Historical Process Information

The Bromoil
The Bromoil process was developed in the early years of the 20th century to enable ‘control’ to be exercised over straight black and white silver gelatin prints. At the turn of the 20th century, pictorialism was considered one of the most beloved and beautiful forms of photography. This painterly artistic approach experienced its decline with the advent of “purist photography”. The critics at the time insisted that photographs should not be manipulated, advice that was thankfully unheeded by many who continued to use everything from filters to household cleaners to enhance their images.

Bromoils are unique in their appearance as the hand of the artist is very evident in every part of the image – due largely to the oil being applied using a brush over the print. In inking the image, the photographer has the artistic control to alter tonal values to enhance the image and may use different colors of oil pigment. Bromoils have very archival characteristics, as the ink is much more stable over time then traditional silver gelatin prints and contemporary digital prints. They are very different in appearance as the ink is physically raised from the print surface – they are sometimes characterized as looking like a charcoal drawing or etching.

“Bromoil is one of the rarest and the most permanent of the photographic printing processes. Basically the silver image is replaced by lithographic ink. The bromoil technique works because the treated gelatin in the photographic paper varies in hardness with the amount of silver removed during bleaching. The artist begins by making a silver bromide (silver gelatin) print by contact or enlargement. The photo paper is developed and fixed as usual and dried. Then the silver image is bleached out. During bleaching, the dense shadow areas create a hard gelatin while the highlights result in soft gelatin with the greys proportional in between. The bleached print or matrix is fixed once more, washed and dried again. Just before applying the lithographic ink, the matrix is soaked in water. The highlight areas soak up water and will reject the ink while the hard shadow areas will readily accept the ink. The greys of the original print accept ink in proportion to the amount of silver bleached out. A special stag foot-shaped brush is charged with a hard ink and the ink is “hopped” on the delicate surface in a series of layers. Every few inkings, the matrix is re-soaked and excess water carefully removed. Ink can be added to darken shadows or hopped with an uncharged brush to clear highlights or lighten shadows. It takes many hours to build up a depth of ink layer by layer to create the desired image.”1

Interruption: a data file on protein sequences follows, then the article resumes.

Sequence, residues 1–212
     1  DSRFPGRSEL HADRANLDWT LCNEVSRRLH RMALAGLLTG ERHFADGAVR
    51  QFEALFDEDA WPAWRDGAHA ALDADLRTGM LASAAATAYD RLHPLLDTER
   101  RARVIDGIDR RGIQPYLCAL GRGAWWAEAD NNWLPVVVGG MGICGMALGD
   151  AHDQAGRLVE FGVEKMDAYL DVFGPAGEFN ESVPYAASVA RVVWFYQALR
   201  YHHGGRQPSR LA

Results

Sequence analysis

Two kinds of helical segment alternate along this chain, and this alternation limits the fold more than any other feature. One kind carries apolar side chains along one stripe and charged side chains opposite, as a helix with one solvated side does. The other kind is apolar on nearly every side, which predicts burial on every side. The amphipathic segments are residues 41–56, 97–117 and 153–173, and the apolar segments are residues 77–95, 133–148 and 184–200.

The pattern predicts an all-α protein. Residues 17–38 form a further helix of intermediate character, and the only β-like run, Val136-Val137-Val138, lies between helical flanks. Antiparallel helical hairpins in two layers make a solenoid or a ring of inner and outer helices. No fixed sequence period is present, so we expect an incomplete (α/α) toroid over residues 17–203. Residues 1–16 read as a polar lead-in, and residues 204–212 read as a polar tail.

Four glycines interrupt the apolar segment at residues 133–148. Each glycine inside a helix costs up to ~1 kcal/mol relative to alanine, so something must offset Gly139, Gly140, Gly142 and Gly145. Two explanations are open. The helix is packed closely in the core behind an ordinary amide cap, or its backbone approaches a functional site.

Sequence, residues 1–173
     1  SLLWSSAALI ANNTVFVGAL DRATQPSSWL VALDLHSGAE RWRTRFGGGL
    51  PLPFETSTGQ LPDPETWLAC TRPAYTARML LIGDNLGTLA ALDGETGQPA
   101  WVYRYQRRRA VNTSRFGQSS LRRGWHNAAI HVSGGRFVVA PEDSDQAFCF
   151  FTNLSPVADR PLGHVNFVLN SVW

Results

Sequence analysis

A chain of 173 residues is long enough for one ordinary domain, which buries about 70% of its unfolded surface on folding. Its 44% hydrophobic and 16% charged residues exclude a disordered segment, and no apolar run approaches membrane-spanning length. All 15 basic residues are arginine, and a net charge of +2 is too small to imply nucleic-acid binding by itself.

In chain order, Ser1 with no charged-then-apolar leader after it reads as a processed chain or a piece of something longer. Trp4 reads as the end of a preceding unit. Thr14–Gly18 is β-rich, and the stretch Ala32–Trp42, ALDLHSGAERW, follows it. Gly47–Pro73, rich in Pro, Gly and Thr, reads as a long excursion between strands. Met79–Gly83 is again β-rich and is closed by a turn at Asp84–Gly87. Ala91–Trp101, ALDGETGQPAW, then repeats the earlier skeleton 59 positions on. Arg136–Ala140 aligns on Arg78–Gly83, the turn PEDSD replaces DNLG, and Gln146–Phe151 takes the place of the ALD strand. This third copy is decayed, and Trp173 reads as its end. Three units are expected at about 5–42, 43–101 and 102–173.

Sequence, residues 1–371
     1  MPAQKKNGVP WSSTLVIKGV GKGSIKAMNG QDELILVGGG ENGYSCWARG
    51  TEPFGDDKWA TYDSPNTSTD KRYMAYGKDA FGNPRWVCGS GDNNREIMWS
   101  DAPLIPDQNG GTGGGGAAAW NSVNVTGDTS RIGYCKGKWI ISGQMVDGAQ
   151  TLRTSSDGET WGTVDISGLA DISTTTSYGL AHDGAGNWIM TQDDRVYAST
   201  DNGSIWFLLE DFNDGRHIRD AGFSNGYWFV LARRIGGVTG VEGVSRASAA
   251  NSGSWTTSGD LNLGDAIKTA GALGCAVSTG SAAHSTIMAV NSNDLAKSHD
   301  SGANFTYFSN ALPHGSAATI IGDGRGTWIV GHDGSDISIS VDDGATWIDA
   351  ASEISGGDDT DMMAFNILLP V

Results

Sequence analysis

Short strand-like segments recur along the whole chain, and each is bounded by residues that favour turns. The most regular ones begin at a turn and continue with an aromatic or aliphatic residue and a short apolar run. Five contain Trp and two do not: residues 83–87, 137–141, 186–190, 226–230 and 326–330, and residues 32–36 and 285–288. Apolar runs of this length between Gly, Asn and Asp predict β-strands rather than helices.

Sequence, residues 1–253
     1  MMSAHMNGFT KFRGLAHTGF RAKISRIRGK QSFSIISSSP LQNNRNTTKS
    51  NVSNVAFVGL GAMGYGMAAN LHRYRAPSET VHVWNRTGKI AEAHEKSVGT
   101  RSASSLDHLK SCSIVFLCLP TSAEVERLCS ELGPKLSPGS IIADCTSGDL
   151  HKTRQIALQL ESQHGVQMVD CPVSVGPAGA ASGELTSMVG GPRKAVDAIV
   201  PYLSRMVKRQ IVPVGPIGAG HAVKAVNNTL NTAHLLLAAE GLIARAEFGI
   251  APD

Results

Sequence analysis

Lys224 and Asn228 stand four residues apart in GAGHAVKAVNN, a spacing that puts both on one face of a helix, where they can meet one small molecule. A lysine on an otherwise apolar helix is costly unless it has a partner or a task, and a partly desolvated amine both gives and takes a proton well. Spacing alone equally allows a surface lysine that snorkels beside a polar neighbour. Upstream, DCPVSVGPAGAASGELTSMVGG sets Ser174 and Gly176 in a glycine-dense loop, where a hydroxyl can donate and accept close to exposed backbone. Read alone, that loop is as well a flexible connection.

1: excerpt from The Photographic Historical Society of Canada: http://www.phsc.ca/bromoil.html, retrieved March 30, 2012